Last month, Gov. Jerry Brown signed a bill into law that will provide new guidance to California family law judges who are asked to determine which spouse will get to keep the family pets or how the couple will share "custody" of them during and after the divorce.
The new law, which takes effect at the beginning of 2019, instructs judges to consider the well-being of the animal and look at testimony and evidence presented by each side regarding how involved they've been in the animals' care during the marriage.
Currently, pets are viewed as property under California law -- just as they are in most states -- when it comes to determining who gets them. That traditional view is starting to change. Illinois and Alaska have already made similar alterations in their laws to recognize pets as the sentient beings they are and not akin to furniture, jewelry and antiques to be divided by couples.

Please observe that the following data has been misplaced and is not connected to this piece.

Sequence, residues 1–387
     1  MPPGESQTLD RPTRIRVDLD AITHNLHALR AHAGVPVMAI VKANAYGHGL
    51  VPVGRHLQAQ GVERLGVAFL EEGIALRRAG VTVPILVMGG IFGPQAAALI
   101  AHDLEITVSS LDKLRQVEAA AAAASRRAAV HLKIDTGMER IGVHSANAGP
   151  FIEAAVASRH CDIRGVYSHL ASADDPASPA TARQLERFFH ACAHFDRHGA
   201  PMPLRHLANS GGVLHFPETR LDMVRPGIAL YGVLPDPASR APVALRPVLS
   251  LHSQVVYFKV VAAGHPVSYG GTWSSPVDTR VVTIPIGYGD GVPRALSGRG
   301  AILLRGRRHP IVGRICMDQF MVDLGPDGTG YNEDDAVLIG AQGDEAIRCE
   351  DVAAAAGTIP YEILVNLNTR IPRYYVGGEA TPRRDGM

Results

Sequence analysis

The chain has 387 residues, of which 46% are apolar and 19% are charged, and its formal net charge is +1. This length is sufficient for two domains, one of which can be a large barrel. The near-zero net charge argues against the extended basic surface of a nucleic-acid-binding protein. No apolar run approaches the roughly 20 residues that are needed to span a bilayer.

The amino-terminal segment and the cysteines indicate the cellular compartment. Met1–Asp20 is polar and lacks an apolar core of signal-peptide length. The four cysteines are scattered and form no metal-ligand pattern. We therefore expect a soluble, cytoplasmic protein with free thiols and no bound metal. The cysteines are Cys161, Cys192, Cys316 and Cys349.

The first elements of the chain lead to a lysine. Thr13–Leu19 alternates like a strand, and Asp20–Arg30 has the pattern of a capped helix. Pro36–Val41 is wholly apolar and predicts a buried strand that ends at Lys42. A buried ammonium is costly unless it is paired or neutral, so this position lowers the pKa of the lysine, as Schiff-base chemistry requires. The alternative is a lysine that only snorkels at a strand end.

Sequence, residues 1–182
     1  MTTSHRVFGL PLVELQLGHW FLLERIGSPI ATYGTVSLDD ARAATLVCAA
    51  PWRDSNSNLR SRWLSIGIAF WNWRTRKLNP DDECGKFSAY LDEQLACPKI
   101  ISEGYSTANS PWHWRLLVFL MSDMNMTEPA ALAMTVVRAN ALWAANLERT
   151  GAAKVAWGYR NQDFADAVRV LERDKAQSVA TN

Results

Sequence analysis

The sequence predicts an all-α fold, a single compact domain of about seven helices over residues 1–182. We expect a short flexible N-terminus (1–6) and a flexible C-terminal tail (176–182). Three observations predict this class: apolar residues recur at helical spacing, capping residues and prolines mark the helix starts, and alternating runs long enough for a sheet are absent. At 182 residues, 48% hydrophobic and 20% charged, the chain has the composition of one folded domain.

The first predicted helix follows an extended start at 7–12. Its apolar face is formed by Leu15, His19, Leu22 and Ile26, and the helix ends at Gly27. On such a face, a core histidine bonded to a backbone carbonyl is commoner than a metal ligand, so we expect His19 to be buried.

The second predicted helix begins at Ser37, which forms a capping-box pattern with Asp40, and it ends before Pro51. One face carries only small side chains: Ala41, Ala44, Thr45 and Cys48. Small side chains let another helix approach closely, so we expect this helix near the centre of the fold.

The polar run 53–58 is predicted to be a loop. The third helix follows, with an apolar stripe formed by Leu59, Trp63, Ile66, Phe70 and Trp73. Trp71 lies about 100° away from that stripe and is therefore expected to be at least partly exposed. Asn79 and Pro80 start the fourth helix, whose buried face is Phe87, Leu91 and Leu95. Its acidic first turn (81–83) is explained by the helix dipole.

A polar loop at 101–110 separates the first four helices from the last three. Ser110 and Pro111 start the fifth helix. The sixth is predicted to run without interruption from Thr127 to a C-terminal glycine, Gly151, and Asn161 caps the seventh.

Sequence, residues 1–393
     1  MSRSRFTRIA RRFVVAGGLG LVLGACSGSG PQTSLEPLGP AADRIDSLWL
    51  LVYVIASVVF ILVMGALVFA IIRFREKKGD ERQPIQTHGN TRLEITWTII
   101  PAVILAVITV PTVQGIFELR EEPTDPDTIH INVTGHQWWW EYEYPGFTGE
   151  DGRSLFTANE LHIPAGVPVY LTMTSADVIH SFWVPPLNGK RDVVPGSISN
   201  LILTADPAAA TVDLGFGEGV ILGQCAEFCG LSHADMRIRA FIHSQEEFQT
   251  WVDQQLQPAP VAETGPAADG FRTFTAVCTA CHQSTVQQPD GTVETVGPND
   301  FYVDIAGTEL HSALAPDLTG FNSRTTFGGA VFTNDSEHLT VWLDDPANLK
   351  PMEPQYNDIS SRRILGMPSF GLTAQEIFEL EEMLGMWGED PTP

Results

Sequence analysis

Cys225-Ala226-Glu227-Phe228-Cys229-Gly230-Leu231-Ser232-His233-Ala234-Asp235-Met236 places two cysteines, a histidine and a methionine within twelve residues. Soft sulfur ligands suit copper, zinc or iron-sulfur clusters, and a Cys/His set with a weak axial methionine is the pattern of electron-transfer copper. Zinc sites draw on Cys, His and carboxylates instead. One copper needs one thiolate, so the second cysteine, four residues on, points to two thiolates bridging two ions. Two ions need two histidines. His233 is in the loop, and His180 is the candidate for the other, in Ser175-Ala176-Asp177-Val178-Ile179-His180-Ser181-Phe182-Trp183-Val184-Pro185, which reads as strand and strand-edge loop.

The legislator behind the bill, California Assemblyman Bill Quirk of Hayward, refers to himself as "the proud parent" of a mixed breed rescue dog. He says that pets need to be recognized as the family members that they are to most of us. Gov. Brown is a well-known "dog parent" himself.
Of course, it's generally best when couples can work out the custody, visitation and support arrangements for their pets on their own as part of their divorce agreement. This will save the time, stress and expense involved in taking the matter to court. Whether you have to take the issue before a judge or you and your spouse deal with the matter on your own, your California family law attorney can help you work to seek an arrangement that's best for you and your animals.